Beijing: China on Monday unveiled photos taken by its lunar probe of the moon`s Sinus Iridium, the area marked out for the nation`s first landing, highlighting the success of the mission so far.
The photos of the moon`s surface, made public by Premier Wen Jiabao, were taken at the end of last month by the Chang`e-2 unmanned probe, the National Space Administration said in a statement.
Chang`e-2 was launched on October 1 and went into orbit eight days later. It was due to first circle the moon at a distance of 100 kilometres (62 miles), and then drop into orbit 15 kilometres from the moon`s surface.
The images of Sinus Iridium, also known as the Bay of Rainbows, show the surface is "quite flat" with craters and rocks of different sizes. The biggest hole has a diameter of two kilometres, according to the statement.
The bay was formed by a massive impact billions of years ago, and is considered one of the moon`s most beautiful landmarks.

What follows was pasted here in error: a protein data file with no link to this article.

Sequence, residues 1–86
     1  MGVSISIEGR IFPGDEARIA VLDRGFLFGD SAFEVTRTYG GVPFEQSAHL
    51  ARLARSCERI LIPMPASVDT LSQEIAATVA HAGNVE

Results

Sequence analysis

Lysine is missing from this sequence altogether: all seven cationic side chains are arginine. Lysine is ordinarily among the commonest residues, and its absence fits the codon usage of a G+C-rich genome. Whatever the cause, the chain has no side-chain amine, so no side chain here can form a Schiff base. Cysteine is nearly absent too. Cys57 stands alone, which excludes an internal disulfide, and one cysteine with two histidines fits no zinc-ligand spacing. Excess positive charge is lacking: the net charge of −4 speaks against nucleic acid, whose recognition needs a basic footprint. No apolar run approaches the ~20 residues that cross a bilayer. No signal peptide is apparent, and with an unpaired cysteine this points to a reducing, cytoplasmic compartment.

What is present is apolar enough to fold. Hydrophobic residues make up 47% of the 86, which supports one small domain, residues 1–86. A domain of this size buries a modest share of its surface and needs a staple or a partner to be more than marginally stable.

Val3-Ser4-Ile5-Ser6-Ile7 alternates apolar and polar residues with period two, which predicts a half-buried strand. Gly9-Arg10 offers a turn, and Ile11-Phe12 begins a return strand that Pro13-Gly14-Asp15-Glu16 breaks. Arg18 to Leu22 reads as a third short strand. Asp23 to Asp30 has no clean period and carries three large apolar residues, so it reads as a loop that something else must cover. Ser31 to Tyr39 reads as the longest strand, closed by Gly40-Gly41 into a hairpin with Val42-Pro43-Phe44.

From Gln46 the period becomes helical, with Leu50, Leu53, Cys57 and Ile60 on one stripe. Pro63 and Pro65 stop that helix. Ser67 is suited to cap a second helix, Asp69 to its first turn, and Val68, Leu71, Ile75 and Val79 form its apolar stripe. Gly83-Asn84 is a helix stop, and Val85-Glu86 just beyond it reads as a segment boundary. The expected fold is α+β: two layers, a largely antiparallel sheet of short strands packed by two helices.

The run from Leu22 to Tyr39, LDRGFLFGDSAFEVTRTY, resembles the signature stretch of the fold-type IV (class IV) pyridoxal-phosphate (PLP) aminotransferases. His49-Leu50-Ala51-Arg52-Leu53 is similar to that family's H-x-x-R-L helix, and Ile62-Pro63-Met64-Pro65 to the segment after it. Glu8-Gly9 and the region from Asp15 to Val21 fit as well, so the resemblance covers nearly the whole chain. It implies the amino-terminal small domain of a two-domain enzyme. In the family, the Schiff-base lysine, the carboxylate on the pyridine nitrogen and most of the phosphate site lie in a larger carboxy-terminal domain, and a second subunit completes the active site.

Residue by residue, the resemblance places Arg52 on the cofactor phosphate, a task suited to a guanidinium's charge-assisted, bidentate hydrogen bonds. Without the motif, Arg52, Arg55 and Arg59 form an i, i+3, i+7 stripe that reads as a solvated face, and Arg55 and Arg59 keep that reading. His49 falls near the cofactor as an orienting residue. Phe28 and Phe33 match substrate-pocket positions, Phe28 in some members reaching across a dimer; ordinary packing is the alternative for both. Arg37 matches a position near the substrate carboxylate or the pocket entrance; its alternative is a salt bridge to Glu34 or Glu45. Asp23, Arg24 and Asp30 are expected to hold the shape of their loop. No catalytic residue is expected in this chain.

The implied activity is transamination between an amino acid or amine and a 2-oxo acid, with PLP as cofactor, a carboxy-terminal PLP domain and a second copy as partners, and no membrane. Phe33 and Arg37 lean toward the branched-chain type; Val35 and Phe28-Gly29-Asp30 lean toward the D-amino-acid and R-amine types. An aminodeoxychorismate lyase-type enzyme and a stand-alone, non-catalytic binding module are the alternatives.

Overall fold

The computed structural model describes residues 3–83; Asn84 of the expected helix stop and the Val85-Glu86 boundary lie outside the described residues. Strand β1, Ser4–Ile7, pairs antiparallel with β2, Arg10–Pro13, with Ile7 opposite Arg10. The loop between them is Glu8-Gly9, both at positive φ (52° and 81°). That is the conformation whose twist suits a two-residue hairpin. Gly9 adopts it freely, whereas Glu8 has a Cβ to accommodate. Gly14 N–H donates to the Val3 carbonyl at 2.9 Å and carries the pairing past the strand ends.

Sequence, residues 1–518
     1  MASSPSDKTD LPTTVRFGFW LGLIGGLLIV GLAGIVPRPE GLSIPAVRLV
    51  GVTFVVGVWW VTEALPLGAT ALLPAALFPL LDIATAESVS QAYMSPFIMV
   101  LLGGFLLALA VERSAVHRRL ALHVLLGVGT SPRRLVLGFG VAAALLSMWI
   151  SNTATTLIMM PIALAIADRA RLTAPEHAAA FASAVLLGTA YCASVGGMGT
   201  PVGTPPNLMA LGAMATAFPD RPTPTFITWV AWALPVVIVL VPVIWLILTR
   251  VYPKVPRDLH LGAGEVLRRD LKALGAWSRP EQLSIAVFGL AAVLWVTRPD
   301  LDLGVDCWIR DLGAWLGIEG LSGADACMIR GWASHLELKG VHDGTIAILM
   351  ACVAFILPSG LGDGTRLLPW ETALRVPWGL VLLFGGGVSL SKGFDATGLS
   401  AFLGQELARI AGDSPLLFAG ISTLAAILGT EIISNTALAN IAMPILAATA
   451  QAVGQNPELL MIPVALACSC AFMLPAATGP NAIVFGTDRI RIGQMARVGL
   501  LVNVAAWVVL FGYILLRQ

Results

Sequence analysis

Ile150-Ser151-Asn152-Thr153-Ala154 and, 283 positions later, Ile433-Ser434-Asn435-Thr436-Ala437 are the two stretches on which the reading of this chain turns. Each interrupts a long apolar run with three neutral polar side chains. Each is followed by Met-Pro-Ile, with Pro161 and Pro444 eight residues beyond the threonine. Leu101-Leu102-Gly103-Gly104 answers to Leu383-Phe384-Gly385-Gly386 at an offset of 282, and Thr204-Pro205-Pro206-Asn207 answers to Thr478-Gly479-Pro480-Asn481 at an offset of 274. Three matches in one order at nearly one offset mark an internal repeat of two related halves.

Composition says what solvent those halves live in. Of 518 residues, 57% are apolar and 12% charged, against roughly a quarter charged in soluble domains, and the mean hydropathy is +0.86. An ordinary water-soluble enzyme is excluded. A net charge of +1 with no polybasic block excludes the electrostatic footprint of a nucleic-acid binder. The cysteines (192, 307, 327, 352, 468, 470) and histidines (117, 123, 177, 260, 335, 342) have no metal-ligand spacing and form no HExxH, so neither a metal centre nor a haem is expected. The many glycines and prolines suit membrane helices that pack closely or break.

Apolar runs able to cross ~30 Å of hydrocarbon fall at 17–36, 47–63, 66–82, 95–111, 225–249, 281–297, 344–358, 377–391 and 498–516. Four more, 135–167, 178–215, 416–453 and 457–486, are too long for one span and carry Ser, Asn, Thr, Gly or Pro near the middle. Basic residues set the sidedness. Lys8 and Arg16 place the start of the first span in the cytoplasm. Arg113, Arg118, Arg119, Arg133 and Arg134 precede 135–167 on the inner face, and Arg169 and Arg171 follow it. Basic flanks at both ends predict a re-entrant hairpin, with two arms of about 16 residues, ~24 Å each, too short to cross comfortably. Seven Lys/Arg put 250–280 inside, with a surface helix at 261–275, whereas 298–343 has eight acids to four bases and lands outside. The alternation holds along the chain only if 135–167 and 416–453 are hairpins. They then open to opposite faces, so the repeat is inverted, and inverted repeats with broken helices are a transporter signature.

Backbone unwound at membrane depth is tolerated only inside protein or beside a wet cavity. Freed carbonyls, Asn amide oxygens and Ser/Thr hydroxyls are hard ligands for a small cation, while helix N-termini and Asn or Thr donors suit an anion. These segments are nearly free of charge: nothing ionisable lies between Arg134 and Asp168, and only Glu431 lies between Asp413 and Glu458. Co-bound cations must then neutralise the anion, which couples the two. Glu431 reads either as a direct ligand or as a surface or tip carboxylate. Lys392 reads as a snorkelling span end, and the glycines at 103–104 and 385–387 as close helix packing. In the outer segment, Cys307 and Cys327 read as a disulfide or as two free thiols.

Chang`e-2 will conduct various tests over a six-month period in preparation for the expected launch in 2013 of the Chang`e-3, which China hopes will be its first unmanned landing on the moon.
The Chang`e programme, named after a mythical Chinese goddess who flew to the moon, is seen as an effort to put China`s space exploration programme to a par with those of the United States and Russia.
The first lunar probe, launched in October 2007, was in orbit for 16 months.
Beijing hopes to bring a moon rock sample back to earth in 2017, with a manned mission pencilled in for around 2020, according to state media.